05/26/10 11:24 PM ET
Monasterios takes starting nod in stride
By Ken Gurnick / MLB.com
Torre rethinks Ethier's rehab plan
CHICAGO -- Perhaps it was the rustiness displayed by Rafael Furcal the night before, but Dodgers manager Joe Torre called an audible on Andre Ethier on Wednesday, saying the outfielder would likely serve a Minor League rehab assignment before being activated from the disabled list.Ethier is eligible to come off the DL on Sunday. His permission would be needed to be sent on a rehab assignment, which he said he would give. "Wherever they tell me to play, that's where I'll go," Ethier said after taking live batting practice for the second consecutive day in his quick recovery from a broken right little finger. A day earlier, the Dodgers were considering having Ethier hit in a Saturday simulated game off rehabbing pitcher Vicente Padilla and not go to the Minors. Hours later, Furcal returned from nearly a month on the DL by going 0-for-4 with two errors. Ethier, however, hasn't yet been disabled two weeks. With a splint immobilizing his broken knuckle, he can swing naturally while his finger is still able to heal. "When I said, 'Would you play a game?' He shook his head [yes]," said Torre. "It seems he wants to make sure it's right. I told him to let me know. I watched him hit yesterday, and really there were no restrictions. I thought he was pretty seamless as far as trying to protect it." Torre said he would prefer Ethier go to Triple-A Albuquerque rather than nearby Class A Inland Empire so he could bat against a better quality of pitcher. However, Albuquerque plays at home on Wednesday and Thursday nights, then leaves for a series in Memphis that opens on Friday night. Torre said Ethier has a little ache when he finishes his swings, but it didn't prevent Ethier from sending balls out of Wrigley Field both days. Torre wasn't ready to concede that Furcal's first-game troubles were the result of not playing enough games before he was activated. "Let's wait and see the next couple of games to make that decision," he said. "The jury's still out on that one."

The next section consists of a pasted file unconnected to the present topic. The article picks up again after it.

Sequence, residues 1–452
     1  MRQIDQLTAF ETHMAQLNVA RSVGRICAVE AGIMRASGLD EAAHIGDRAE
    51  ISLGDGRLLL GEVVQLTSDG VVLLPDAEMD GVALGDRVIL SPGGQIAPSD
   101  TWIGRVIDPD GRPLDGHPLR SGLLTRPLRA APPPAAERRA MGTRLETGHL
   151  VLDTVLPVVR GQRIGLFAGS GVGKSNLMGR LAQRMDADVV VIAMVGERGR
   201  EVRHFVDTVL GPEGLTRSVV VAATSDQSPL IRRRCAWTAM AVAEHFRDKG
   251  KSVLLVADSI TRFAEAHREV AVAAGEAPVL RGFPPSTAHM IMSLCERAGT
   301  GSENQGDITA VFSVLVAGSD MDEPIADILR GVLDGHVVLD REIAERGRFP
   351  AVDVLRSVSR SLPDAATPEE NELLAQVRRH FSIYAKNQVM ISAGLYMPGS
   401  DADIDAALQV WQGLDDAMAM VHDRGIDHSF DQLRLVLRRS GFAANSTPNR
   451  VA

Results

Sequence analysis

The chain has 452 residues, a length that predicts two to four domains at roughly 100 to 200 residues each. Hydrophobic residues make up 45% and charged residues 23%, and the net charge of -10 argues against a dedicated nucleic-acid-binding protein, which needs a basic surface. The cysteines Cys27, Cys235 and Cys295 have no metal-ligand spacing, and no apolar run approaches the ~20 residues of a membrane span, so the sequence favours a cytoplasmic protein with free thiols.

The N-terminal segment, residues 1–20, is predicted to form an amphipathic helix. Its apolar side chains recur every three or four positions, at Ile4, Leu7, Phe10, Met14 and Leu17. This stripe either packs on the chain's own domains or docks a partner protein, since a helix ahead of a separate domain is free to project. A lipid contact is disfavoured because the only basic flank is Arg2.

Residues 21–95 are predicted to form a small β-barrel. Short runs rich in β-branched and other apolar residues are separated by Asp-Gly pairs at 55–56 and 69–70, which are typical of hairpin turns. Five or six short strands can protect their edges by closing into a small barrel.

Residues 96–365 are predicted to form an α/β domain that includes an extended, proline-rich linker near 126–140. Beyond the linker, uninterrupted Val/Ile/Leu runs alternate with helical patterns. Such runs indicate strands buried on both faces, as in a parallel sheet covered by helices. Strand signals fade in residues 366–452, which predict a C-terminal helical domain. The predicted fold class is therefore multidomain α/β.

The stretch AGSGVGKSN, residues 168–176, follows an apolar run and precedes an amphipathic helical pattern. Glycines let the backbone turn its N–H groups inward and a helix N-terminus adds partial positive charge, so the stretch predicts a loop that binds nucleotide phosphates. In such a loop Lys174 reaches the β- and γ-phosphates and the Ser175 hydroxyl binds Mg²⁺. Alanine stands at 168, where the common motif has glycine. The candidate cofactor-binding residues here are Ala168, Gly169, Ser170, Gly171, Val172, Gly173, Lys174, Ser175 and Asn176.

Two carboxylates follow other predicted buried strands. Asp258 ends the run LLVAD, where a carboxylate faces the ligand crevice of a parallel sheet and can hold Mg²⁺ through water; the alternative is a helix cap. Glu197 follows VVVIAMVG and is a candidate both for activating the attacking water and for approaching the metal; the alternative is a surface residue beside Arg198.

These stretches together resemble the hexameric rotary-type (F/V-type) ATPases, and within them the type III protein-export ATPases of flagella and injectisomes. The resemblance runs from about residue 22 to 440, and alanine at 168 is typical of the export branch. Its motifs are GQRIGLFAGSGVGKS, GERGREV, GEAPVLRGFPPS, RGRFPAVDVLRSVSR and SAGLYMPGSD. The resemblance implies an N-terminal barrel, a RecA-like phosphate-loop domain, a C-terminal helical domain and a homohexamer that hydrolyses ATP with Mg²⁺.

Padilla turns in positive bullpen session
CHICAGO -- Dodgers right-hander Vicente Padilla said he felt good after a 45-pitch bullpen session on Wednesday that included throwing breaking balls off a mound for the first time since being placed on the 15-day disabled list a month ago with an inflamed radial nerve.Padilla said he had some sensation in his forearm. Because it is in a different location than the pain that sent him to the sidelines, trainers believe what he felt is from the therapy he has been receiving and not a recurrence of the original injury. "He feels it a little bit here and there, and we have to interpret that," said trainer Stan Conte. "He's right on target with what we want. He'll have a simulated game in Colorado Saturday, and if he comes out of it OK, the next step after that will be a [Minor League] rehab start." Padilla will need about three of those to rebuild arm strength to starter level, so he's not likely to return until mid-June. "We stepped up slowly with the number of pitches and the type of pitches," said Conte. "Today he threw the four-seam, curveball, two-seam and splitter." The Dodgers want to see Padilla in Major League games before deciding a midseason-acquisition strategy to bolster the pitching staff.